Virginians know that a drive through the state’s scenic valleys, age-old mountains, and sweeping landscapes could rival any drive in the entire world. Nowhere does that prove to be more true than along the Blue Ridge Parkway. The portion of this 500-mile scenic drive that resides in Virginia offers an unforgettable panorama of rolling peaks, breathtaking color, and fresh mountain air.
Natural beauty and the Blue Ridge Parkway go hand in hand. The parkway constitutes America’s longest linear park, winding its way through several of Virginia’s counties as it spans the Blue Ridge Mountains. The southern end of the route is located near the Great Smoky Mountains National Park in North Carolina and the northern end runs all the way to Shenandoah National Park, where it then makes its way to Skyline Drive.
The intention of the parkway was to connect the very famous national parks mentioned above. In fact, this drive alone essentially attracts more visitors than any other national park unit in the country. In its early years, the parkway was known as the Appalachian Scenic Highway. Construction began in 1936, simultaneously creating jobs and restricting regulations for nearby landowners. By 1966, majority of the current parkway had been completed.
The mountains are the true draw to the Blue Ridge Parkway, although wildlife makes an equally stunning presence. During the spring, the nearby woods are covered with wildflowers, rhododendrons and dogwoods. As summer rolls in, daisies and other perennials become abundant. Finally, with the fall comes the true explosion of colors, as the leaves blaze with reds, golds, and oranges from tulip trees, hickories and oaks.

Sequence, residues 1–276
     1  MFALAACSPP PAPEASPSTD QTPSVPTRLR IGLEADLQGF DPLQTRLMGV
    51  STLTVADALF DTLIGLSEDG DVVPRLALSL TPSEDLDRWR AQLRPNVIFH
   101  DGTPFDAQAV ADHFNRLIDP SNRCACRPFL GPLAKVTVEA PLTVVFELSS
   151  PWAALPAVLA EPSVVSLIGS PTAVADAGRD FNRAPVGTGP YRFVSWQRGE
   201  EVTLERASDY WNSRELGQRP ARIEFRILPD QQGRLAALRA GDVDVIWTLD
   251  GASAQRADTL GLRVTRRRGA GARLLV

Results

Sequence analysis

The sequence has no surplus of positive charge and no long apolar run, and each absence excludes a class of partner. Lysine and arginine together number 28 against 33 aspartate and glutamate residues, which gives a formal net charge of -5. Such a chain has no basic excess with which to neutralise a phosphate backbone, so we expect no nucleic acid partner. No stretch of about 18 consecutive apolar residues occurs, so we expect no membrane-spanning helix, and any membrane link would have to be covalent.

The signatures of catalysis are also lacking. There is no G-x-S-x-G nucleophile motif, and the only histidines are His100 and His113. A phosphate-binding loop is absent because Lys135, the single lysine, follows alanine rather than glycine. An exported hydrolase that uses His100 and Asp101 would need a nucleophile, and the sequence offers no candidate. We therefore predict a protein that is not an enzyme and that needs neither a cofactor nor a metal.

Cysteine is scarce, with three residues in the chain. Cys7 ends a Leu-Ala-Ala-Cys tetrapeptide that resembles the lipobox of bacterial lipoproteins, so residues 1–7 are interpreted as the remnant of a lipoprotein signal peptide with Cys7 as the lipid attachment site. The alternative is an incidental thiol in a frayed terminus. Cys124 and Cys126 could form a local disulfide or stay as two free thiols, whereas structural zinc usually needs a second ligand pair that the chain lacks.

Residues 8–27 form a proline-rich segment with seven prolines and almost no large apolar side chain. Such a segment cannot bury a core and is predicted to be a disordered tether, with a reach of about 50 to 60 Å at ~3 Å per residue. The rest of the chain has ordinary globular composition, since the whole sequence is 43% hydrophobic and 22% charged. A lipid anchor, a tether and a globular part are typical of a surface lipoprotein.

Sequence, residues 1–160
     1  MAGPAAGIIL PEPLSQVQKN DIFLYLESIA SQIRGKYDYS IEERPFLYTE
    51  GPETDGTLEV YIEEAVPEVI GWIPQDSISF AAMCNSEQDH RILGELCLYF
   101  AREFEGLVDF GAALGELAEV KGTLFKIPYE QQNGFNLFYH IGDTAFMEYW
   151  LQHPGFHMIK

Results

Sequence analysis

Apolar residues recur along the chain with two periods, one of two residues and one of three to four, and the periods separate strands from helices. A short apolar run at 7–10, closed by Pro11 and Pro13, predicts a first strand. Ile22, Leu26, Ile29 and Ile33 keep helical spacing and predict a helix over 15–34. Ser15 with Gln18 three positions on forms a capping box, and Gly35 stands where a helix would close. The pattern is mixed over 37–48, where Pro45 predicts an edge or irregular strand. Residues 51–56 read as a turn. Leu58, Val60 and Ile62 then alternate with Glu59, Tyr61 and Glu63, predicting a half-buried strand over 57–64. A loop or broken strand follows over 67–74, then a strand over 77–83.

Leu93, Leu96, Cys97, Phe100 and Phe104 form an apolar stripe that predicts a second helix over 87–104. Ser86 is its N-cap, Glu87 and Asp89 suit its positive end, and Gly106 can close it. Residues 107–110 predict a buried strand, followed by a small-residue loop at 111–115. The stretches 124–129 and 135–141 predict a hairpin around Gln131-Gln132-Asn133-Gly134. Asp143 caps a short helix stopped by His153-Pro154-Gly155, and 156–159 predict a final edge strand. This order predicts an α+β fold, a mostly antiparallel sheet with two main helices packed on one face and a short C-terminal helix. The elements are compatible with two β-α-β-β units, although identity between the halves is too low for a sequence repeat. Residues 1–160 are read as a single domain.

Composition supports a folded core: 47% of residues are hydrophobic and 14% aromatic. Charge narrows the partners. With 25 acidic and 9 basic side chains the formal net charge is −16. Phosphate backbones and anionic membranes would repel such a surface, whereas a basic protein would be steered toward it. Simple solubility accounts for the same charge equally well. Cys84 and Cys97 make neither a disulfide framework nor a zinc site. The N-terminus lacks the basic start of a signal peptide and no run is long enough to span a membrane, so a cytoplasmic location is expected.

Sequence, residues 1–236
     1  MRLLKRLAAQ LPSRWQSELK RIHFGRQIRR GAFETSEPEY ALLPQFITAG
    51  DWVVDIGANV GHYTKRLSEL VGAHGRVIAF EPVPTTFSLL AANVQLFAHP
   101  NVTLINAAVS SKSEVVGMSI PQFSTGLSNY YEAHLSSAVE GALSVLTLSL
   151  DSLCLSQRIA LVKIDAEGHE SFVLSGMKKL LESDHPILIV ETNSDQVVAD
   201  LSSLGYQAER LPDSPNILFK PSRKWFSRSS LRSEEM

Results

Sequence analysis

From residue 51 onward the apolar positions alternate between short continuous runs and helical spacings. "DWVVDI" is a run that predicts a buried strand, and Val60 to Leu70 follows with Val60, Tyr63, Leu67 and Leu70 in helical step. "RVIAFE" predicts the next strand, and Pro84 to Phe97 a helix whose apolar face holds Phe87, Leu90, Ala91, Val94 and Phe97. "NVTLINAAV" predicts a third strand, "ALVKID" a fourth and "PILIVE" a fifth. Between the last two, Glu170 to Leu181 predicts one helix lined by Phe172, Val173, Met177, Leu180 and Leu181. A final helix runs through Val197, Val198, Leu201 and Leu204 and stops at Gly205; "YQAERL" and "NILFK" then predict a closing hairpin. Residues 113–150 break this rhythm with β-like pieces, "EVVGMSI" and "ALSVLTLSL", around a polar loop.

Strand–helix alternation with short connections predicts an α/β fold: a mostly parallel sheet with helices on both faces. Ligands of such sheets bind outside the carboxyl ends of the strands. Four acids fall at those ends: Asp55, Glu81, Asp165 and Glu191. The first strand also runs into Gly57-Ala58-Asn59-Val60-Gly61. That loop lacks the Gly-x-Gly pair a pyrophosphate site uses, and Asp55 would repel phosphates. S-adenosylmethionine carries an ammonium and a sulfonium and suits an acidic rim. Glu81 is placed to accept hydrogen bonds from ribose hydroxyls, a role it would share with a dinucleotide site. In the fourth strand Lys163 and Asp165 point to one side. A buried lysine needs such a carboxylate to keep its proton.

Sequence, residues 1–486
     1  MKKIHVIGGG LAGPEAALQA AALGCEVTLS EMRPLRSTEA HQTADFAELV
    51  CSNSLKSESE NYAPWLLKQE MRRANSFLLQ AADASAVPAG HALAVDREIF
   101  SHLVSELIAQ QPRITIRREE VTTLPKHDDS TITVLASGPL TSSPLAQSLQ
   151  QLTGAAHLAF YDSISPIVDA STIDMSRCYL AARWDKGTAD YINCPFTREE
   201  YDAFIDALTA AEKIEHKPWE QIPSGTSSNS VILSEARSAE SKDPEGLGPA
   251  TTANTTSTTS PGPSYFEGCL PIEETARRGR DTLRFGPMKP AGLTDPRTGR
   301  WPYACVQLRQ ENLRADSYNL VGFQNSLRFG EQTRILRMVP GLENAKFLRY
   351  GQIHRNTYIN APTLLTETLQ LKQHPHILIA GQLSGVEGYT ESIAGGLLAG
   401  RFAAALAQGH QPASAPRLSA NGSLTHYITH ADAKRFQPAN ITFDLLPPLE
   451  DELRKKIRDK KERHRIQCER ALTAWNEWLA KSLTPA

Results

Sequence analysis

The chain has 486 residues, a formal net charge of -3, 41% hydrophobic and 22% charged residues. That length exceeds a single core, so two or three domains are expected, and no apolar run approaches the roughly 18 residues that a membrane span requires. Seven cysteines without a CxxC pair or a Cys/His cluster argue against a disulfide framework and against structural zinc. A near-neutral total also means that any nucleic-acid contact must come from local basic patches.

The drive features several tunnels, constructed through rock. While there’s just one in Virginia (Bluff Mountain Drive), North Carolina has an impressive twenty-five. The drive is accessible nearly all year round, with the exception of times in winter where snow and ice is especially problematic. Because conditions can change so quickly in the mountains, it’s always best to take the drive slowly. This is also the best way to appreciate the surrounding scenery.
There are many scenic overlooks and fascinating features to the drive. At Mile 5, drivers can take a self-guided tour through a series of authentic Appalachian farm buildings. This is also near one of the more famous hiking trails known as Humpback Rock. Mile 176.1 is the location of Mabry Mill, one of the most photographed scenes in all of Virginia. This historic mill operated from 1935 and makes for a charming place to dine.
So whether you have a few spare hours or an entire day, a trip to Virginia’s Blue Ridge Parkway will be an escape to a mountain-filled haven. Be sure to bring your camera and really take in all that the drive has to offer.
We’d love to hear from you! What have you experienced along the Blue Ridge Parkway? For more unforgettable drives, be sure to check out these
19 Scenic Country Roads In Virginia.